Posted on Oct 17, 2019, 4 p.m.
The Journal of Nutrition published an article in which long term intake of multivitamins was associated with a lower risk of cardiovascular disease in men.
Multivitamins are commonly used because they are believed to help to improve health, but only a few studies have investigated the potential role they may play in the prevention of cardiovascular disease. This study evaluated whether multivitamins were linked to incidence of major cardiovascular events such as heart attack, stroke, and cardiovascular death.
18,530 men aged 40+ were followed who were initially enrolled from the Physicians’ Health Study I cohort which provided a range of lifestyle and clinical factors such as intake of selected foods and dietary supplements. There were 1,696 recorded incidents of major cardiovascular disease during a mean follow up of 12.2 years.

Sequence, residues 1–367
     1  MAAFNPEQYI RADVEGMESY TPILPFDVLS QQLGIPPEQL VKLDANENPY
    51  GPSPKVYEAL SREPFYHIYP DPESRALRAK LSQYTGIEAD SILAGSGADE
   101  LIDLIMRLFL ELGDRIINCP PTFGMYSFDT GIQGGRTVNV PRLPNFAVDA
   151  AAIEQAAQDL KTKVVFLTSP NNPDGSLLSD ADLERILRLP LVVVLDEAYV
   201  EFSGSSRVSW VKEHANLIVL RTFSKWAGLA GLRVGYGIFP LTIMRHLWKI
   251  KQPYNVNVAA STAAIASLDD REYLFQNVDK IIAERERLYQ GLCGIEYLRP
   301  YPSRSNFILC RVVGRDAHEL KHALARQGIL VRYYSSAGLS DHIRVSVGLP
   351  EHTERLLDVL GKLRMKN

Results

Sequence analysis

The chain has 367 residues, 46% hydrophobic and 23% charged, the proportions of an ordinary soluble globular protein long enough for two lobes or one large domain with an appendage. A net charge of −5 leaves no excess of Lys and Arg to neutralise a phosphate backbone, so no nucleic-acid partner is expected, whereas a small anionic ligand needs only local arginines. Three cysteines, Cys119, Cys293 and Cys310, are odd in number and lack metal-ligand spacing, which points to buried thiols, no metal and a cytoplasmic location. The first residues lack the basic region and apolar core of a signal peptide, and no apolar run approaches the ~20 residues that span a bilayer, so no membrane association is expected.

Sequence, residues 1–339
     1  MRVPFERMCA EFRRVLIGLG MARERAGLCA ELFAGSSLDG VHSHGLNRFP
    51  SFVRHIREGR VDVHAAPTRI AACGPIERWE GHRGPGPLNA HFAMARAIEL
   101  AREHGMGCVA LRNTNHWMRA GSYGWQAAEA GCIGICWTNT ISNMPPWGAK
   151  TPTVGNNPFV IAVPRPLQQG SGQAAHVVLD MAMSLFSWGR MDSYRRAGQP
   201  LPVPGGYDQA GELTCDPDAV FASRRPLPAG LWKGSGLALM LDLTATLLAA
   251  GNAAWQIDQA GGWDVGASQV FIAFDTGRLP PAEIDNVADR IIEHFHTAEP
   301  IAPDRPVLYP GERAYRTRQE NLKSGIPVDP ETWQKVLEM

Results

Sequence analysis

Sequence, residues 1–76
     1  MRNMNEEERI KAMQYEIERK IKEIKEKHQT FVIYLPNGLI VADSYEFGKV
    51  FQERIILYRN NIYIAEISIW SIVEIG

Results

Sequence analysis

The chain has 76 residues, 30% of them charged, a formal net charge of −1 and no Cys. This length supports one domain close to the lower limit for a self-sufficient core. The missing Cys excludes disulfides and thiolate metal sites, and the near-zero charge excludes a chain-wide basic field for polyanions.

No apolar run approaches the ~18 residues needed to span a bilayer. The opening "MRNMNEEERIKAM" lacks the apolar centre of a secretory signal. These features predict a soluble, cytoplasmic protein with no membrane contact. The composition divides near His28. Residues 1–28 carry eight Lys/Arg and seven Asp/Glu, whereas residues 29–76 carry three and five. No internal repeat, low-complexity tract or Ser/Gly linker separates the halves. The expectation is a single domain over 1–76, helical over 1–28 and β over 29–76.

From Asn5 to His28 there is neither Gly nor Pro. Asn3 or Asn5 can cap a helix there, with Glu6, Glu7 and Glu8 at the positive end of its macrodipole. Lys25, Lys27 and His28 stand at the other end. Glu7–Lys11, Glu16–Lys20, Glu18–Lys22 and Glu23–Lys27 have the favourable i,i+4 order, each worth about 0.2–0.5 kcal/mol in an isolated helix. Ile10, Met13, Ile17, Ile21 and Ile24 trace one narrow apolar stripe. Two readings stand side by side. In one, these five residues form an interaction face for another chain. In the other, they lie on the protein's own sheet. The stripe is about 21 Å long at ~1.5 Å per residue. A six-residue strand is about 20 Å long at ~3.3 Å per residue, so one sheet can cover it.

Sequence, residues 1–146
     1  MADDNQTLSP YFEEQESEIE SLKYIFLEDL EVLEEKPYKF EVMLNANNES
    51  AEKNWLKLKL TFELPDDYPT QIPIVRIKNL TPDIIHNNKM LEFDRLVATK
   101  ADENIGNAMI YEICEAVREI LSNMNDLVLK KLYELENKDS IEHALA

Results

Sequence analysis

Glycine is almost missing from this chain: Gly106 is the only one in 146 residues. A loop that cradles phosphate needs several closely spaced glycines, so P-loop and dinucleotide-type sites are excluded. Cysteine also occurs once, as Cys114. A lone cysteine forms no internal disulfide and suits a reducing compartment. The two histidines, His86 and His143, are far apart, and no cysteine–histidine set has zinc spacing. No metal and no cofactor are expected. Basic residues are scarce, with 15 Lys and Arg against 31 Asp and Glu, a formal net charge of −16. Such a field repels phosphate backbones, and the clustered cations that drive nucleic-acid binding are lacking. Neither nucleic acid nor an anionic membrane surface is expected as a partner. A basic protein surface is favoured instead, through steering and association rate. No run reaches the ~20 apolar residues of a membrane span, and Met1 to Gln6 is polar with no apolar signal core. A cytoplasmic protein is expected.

No association was found between multivitamin use and the risk of major cardiovascular disease events such as stroke, heart attack, or cardiovascular related death. Multivitamin use was found to be significantly associated with a 14% lower risk of cardiac revascularization; and those who used multivitamins for at least 20 years had a lower risk of major cardiovascular disease events.
Based on these findings taking a multivitamin for at least 20 years may help to lower the risk of major cardiovascular events such as stroke, heart attack and cardiovascular disease related death.
Materials provided by:
Note: Content may be edited for style and length.
This article is not intended to provide medical diagnosis, advice, treatment, or endorsement.